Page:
The Developmental Services Worker Program recognizes the importance of providing the student with a wide variety of competencies, general and specialized, to meet the diverse needs of people with disabilities requiring support. The graduate (student) requires a knowledge base to enable the development of strategies to improve the quality of life for persons with disabilities so that they can live in a state of dignity and are able to be fully included and valued in their communities.
In order to encourage such change in our communities, our graduates must be ‘agents of change’ who believe in concepts of:
- individualization: support that meet individual capabilities and enhance choice and self-direction.
- inclusion: opportunities for people to live in communities of their choice with people of their choice (promotion of interdependence).
- empowerment: the right of each person to determine his/her own situation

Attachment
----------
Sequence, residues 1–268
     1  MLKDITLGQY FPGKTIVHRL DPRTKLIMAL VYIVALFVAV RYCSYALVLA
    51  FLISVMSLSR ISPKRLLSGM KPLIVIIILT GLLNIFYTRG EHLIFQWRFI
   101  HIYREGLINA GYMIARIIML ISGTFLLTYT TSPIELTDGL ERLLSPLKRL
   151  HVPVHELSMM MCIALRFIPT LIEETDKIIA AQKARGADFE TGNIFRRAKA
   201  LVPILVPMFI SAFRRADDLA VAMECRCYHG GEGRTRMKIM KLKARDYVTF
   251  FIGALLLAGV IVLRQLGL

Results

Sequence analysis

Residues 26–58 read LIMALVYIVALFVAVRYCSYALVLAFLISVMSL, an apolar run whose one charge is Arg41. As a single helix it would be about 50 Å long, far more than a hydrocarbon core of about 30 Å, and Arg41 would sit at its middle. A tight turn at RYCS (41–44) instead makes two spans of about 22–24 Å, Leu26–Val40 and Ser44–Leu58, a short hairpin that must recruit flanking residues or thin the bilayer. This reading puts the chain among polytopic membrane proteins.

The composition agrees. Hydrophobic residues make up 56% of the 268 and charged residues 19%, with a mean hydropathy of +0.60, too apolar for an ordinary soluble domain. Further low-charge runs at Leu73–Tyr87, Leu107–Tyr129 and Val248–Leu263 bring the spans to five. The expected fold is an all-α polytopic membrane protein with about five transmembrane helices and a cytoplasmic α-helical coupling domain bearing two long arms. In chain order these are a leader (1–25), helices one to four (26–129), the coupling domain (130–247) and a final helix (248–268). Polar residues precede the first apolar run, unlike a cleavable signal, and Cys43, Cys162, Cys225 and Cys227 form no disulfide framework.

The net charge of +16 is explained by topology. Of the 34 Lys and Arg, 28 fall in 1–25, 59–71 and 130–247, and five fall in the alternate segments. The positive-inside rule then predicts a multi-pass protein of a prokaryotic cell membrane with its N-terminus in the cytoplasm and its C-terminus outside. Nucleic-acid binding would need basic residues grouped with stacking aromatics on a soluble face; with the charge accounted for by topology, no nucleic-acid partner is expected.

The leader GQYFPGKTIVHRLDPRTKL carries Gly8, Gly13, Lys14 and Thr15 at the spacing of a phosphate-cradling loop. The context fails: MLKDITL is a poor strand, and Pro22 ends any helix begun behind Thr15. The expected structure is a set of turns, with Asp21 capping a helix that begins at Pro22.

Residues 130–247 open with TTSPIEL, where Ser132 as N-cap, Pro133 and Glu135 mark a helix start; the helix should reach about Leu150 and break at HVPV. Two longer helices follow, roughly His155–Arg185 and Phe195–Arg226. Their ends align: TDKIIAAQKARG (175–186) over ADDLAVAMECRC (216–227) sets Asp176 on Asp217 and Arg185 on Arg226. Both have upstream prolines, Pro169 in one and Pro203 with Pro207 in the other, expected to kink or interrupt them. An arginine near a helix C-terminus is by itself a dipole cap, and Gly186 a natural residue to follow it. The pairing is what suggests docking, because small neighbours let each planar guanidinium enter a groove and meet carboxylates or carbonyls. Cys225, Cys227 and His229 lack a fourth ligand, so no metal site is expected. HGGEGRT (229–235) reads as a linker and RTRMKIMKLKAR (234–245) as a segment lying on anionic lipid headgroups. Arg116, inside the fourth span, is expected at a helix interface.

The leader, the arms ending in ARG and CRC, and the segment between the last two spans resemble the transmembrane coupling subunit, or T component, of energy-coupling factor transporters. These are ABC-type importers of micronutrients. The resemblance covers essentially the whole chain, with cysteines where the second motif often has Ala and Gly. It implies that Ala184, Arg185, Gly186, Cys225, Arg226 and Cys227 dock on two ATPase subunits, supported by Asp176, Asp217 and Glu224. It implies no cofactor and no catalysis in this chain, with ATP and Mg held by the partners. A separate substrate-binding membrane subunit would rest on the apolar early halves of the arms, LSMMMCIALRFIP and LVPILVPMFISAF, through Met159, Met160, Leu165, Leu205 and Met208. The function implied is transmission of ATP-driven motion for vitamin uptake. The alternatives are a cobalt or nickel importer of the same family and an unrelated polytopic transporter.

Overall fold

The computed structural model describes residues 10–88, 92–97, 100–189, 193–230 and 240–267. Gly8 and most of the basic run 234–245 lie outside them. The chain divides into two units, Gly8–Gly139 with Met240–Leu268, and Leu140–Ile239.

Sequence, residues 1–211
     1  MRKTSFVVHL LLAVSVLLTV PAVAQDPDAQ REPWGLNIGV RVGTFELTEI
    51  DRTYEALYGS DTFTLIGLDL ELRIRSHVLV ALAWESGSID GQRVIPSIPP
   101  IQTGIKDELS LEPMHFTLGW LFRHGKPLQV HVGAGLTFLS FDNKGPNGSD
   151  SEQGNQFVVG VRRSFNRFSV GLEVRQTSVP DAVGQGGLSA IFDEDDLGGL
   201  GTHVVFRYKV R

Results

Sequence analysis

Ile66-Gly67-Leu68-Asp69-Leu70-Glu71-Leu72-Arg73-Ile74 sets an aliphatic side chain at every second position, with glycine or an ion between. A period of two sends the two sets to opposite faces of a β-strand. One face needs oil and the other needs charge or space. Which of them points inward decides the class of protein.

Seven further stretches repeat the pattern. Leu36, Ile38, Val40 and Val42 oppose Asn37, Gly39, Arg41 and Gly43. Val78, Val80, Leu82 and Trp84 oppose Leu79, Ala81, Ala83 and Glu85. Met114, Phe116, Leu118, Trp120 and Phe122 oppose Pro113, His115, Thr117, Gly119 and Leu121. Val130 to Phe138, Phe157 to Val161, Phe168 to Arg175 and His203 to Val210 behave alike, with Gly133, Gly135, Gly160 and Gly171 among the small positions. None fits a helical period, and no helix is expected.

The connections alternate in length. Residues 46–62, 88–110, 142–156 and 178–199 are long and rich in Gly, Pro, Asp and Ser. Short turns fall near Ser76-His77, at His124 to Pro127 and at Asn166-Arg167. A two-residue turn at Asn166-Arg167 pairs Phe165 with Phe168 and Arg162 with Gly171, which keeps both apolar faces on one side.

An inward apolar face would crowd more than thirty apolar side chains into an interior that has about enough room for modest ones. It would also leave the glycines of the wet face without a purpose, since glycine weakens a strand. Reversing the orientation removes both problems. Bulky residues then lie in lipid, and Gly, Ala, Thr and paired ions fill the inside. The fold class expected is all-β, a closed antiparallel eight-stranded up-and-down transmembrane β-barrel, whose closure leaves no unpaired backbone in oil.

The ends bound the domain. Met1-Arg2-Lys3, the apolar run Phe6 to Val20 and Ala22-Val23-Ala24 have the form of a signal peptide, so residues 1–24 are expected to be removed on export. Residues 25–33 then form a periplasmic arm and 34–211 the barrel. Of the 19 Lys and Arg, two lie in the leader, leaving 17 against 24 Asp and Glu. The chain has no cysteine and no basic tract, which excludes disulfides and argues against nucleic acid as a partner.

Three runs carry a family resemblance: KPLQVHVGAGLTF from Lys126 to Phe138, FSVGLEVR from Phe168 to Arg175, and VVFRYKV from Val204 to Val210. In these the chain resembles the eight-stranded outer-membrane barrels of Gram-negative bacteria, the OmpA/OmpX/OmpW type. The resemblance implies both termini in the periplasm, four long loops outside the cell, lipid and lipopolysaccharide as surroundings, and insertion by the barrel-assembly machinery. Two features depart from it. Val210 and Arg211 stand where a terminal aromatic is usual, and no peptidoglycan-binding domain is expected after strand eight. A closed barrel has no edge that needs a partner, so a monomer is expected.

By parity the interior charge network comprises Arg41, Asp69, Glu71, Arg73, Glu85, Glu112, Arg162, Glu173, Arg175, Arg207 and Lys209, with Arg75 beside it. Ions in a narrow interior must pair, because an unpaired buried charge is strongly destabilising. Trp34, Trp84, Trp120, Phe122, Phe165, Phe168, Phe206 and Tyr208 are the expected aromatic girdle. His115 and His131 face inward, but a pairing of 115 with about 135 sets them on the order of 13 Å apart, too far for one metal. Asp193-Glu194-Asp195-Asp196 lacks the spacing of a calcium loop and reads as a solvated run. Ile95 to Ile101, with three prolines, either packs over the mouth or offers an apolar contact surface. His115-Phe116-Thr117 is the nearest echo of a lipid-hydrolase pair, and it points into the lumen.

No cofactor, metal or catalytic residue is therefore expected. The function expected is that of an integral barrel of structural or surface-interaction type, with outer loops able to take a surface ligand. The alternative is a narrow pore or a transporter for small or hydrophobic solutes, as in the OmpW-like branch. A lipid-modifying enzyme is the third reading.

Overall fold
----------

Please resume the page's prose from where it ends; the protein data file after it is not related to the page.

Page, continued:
The graduate (student) must be willing to examine self in relation to change, and thereby come to recognize the importance of self-esteem in the empowerment process.
Role of a Developmental Services Worker
The DSW is trained to work with individuals having a disability. Although the program focuses on disabilities which are developmental, the graduate is provided generic skills to enable a career working with a variety of exceptionalities and varying learning needs.
The worker’s role has expanded considerably in order to implement the concepts of individualization, inclusion and empowerment. The most recent changes to services in Ontario are outlined in the MCSS publication ‘Making Services Work for People: A New Framework for Children and for People with Developmental Disabilities’ (April 1997). In this role of the service provider is any specific function identified in the ‘individualized service agreement’ as well as the generalized responsibility of working with other service providers ‘to ensure that individuals and families receive a coordinated set of services and supports in the right sequence, so that services work together to support the best possible outcomes’.
The role of the DSW graduate in these changing times will continue to evolve. The aspect of the worker as a ‘change agent’ will continue to be a very important one - promoting/advocating for growth and quality of life so that the persons with disabilities live in a state of dignity and are fully included and valued in their communities.